Showered and lunched, we set about wrangling our way onto some of the island's other attractions. Our first port of call was the local gliding club. The man in charge was not the most cooperative person we had met on our trip and repeatedly asked, "What's in it for me?" Short of a full-page spread advertising his company in the local paper, a feat somewhat above our meagre abilities, he was not going to help us. We did manage a quick ride in his tractor, though.
More luck came at the local pleasure-flight centre. We had quite an entourage by this point. Thom and I in our matching t-shirts, our cameraman (Thom's sister) and our photographer (Thom's dad). We were, I thought, looking quite professional. Evidently our latest targets agreed: No sooner had the Cessna pilot touched down than he was taking us for a ride in the sky. So wrapped up was I with filming the flight and getting photos for our sponsors that it wasn't until we were about to come down that I actually realised we were shooting through the air in a light aircraft and that it was actually quite exciting.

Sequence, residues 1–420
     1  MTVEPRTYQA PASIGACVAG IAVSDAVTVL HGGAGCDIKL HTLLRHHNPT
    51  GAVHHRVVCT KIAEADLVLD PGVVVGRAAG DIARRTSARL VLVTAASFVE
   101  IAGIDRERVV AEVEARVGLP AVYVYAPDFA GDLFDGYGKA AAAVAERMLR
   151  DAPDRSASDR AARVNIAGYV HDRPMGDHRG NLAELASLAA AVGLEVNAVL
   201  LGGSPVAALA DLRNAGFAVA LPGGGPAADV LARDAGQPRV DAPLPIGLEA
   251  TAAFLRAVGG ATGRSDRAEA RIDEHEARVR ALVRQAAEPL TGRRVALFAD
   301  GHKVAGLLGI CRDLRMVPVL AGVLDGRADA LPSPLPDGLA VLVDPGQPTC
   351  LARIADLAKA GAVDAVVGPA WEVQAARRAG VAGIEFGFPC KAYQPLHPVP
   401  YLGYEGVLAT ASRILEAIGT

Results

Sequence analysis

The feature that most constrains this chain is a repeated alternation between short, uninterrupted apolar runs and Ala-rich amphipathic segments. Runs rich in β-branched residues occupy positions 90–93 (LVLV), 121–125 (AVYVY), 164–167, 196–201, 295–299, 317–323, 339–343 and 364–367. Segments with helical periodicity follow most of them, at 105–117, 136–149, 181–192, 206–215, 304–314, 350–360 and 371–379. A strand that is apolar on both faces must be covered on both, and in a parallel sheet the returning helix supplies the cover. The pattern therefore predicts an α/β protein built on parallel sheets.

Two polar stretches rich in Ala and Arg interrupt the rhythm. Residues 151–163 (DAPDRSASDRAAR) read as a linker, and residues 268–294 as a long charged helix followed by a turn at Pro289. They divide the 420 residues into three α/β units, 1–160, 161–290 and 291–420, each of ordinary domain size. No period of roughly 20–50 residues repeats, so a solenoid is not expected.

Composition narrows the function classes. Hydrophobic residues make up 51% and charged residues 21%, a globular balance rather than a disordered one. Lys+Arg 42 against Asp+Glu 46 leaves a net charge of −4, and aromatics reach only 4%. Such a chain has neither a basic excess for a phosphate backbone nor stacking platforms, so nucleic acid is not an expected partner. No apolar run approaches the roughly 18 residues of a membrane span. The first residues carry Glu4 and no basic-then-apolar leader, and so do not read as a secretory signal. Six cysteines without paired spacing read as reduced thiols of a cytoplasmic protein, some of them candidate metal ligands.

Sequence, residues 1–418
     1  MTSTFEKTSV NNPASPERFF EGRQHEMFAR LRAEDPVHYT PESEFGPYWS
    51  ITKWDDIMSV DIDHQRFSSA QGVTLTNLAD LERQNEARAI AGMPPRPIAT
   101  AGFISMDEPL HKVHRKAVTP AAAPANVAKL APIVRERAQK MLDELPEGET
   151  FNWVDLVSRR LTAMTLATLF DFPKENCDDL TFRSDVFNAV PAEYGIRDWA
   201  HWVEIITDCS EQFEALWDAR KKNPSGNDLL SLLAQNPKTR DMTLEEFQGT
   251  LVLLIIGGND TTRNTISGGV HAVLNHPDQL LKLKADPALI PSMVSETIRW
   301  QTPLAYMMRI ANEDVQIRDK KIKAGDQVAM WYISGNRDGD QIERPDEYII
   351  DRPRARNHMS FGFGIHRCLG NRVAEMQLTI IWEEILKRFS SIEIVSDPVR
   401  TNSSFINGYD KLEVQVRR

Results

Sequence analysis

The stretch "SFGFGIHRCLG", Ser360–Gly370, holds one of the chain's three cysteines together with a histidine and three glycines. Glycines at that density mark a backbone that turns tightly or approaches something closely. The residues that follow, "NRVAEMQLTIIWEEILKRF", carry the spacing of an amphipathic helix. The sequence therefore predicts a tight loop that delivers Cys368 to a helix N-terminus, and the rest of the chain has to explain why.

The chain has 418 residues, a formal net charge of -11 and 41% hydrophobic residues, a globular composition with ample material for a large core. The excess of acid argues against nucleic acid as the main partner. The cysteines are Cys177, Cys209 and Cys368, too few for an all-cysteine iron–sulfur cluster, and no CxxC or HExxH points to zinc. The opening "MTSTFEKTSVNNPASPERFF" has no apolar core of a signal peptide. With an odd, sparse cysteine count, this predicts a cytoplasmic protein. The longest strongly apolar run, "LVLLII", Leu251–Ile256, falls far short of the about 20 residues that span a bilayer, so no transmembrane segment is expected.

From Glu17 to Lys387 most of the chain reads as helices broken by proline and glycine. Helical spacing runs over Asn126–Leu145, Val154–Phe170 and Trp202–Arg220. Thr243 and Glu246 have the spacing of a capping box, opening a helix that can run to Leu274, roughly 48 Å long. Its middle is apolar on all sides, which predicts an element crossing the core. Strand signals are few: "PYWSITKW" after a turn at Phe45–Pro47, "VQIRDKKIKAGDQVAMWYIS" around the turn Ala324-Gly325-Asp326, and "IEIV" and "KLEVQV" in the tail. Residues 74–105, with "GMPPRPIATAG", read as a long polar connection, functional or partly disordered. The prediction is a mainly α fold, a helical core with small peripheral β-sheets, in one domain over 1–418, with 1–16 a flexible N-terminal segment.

Thom's sister had arranged for us to go for a spin in a Sinclair C5 - a legend in its own right. If you're not familiar with the C5, then take a look at the picture at the top of our website (www.80ways.co.uk) or just type it into Google. It's a miniature white-plastic electric car that was supposed to be the new big thing back when it was invented. It was never a very big thing, but it can certainly kill a couple of hours. Thom hopped into the machine, top hat on head, and proceeded to pull out of the driveway and onto a main road. The hilarity had to be seen to be believed. Tailing a guy in a top hat who is navigating a roundabout at about 8mph in a rickety white toy car really is a sight to behold.